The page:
Generalized Linear Models 1
April 18, 2019

GLMs
I
We have so far studied linear models. We have
n
observations on a response variable
y
1
, . . . ,
y
n
and on
each of
p
explanatory variables
x
ij
for
i
=
1
, . . . ,
n
and
j
=
1
, . . . ,
p
.

GLMs
I
We have so far studied linear models. We have
n
observations on a response variable
y
1
, . . . ,
y
n
and on
each of
p
explanatory variables
x
ij
for
i
=
1
, . . . ,
n
and
j
=
1
, . . . ,
p
.
I
The linear model that we have seen models
μ
i
:=
E
y
i
=
β
0
+
β
1
x
i
1
+
· · ·
+
β
p
x
ip
.

GLMs
I
We have so far studied linear models. We have
n
observations on a response variable
y
1
, . . . ,
y
n
and on
each of
p
explanatory variables
x
ij
for
i
=
1
, . . . ,
n
and
j
=
1
, . . . ,
p
.
I
The linear model that we have seen models
μ
i
:=
E
y
i
=
β
0
+
β
1
x
i
1
+
· · ·
+
β
p
x
ip
.
I
What this model implies is that when there is a unit
increase in the explanatory variable
x
j
, the mean of the
response variable changes by the amount
β
j
.

GLMs
I
We have so far studied linear models. We have
n
observations on a response variable
y
1
, . . . ,
y
n
and on
each of
p
explanatory variables
x
ij
for
i
=
1
, . . . ,
n
and
j
=
1
, . . . ,
p
.
I
The linear model that we have seen models
μ
i
:=
E
y
i
=
β
0
+
β
1
x
i
1
+
· · ·
+
β
p
x
ip
.
I
What this model implies is that when there is a unit
increase in the explanatory variable
x
j
, the mean of the
response variable changes by the amount
β
j
.
I
This may not always be a reasonable assumption.

GLMs
I
For example, if the response
y
i
is a binary variable, then its
mean
μ
i
is a probability which is always constrained to stay
between 0 and 1.

GLMs
I
For example, if the response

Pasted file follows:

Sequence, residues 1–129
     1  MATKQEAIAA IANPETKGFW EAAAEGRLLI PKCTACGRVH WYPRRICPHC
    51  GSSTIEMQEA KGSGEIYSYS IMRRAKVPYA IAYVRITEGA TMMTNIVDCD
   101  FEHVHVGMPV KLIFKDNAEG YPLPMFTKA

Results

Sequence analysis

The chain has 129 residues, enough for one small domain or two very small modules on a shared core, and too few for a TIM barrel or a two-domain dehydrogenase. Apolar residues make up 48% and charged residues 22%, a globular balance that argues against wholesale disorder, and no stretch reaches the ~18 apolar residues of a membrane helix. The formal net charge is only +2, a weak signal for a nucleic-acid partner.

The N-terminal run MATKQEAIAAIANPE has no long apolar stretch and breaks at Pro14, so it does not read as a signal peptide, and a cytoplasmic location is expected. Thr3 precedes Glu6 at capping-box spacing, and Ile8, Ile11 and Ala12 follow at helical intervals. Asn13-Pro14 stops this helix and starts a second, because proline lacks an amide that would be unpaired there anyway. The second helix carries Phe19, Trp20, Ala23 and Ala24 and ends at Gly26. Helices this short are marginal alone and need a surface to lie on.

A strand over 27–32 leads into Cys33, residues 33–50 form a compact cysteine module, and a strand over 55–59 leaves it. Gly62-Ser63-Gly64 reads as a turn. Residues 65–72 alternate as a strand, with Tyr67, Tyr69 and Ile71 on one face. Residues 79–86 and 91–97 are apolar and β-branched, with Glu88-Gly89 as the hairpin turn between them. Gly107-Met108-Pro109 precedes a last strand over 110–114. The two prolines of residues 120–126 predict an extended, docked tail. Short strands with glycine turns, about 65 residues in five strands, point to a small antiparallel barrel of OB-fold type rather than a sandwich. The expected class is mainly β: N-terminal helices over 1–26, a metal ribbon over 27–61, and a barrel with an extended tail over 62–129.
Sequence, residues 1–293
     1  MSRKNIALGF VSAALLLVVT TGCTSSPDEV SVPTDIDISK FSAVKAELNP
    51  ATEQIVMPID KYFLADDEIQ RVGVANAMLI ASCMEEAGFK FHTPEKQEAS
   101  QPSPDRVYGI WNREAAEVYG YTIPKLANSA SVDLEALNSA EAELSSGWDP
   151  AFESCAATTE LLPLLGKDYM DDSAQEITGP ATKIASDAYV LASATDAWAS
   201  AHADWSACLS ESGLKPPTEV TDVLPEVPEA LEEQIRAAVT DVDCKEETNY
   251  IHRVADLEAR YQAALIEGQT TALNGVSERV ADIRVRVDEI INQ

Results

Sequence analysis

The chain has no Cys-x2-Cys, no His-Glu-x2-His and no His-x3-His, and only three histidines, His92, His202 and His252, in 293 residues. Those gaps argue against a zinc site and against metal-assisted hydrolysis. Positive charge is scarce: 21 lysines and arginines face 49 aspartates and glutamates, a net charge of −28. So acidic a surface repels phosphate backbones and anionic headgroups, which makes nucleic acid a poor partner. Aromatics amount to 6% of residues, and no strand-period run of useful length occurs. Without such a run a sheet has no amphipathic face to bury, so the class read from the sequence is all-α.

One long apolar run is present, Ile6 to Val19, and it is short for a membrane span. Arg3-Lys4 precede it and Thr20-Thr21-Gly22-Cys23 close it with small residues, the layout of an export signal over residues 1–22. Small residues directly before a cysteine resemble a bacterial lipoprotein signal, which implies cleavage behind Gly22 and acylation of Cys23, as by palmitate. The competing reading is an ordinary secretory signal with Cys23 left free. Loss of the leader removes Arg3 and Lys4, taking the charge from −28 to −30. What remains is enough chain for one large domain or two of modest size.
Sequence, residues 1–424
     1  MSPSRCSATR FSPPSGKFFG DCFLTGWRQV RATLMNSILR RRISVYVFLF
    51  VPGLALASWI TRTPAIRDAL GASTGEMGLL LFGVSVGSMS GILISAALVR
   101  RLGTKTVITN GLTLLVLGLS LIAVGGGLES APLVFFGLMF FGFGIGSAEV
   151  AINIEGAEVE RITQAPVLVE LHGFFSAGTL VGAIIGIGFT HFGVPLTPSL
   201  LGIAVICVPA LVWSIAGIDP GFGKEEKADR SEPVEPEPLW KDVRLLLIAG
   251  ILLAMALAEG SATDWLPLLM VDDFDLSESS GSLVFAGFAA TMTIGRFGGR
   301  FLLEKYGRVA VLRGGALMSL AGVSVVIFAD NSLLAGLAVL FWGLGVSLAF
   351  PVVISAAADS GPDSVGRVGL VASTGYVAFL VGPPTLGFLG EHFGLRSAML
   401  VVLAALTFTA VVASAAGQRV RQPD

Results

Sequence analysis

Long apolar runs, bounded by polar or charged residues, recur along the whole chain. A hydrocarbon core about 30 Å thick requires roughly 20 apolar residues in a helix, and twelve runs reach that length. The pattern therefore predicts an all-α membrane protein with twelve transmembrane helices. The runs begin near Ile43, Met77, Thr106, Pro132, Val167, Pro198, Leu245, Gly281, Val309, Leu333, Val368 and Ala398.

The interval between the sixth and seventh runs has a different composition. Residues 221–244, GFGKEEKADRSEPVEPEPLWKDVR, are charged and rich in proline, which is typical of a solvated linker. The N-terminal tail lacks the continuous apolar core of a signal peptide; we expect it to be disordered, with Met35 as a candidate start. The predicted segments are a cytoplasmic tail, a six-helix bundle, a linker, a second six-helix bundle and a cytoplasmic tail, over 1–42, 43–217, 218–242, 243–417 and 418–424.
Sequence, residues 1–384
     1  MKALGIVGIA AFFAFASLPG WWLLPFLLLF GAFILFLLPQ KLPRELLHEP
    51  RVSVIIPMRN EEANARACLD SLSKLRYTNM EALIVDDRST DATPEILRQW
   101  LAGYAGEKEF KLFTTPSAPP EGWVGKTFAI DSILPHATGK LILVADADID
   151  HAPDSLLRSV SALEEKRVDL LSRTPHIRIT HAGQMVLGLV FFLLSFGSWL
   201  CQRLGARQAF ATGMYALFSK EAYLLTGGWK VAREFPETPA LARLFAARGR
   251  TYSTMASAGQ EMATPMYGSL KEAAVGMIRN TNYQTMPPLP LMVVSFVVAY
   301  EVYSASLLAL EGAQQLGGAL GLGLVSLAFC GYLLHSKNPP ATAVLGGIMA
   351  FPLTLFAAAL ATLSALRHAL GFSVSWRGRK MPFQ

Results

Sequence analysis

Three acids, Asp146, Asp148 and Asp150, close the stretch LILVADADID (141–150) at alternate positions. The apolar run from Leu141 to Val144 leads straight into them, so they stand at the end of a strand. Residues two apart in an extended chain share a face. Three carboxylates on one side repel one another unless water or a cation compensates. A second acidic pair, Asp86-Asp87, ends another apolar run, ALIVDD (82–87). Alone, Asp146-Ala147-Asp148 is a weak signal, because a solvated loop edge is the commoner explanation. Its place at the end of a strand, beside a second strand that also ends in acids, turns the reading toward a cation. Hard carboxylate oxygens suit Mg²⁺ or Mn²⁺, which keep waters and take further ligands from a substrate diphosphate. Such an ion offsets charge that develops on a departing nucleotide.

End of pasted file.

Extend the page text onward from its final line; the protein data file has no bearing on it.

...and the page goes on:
y
i
is a binary variable, then its
mean
μ
i
is a probability which is always constrained to stay
between 0 and 1.
I
Therefore, the amount by which
μ
i
changes per unit
change in
x
j
would now depend on the value of
μ
i
(for
example, the change when
μ
i
=
0
.
9 may not be the same
as when
μ
i
=
0
.
5).

GLMs
I
For example, if the response
y
i
is a binary variable, then its
mean
μ
i
is a probability which is always constrained to stay
between 0 and 1.
I
Therefore, the amount by which
μ
i
changes per unit
change in
x
j
would now depend on the value of
μ
i
(for
example, the change when
μ
i
=
0
.
9 may not be the same
as when
μ
i
=
0
.
5).
I
Therefore, modeling
μ
i
as a linear combination of
x
1
, . . . ,
x
p
may not be the best idea always.

GLMs
I
For example, if the response
y
i
is a binary variable, then its
mean
μ
i
is a probability which is always constrained to stay
between 0 and 1.
I
Therefore, the amount by which
μ
i
changes per unit
change in
x
j
would now depend on the value of
μ
i
(for
example, the change when
μ
i
=
0
.
9 may not be the same
as when
μ
i
=
0
.
5).
I
Therefore, modeling
μ
i
as a linear combination of
x
1
, . . . ,
x
p
may not be the best idea always.
I
A more general model might be
g
(
μ
i
) :=
β
0
+
β
1
x
i
1
+
· · ·
+
β
p
x
ip
(1)
for a function
g
that is not necessarily the identity function.

I
Another feature of the linear model that people do not
always like is that some aspects of the theory are tied to
the normal distribution.

I
Another feature of the linear model that people do not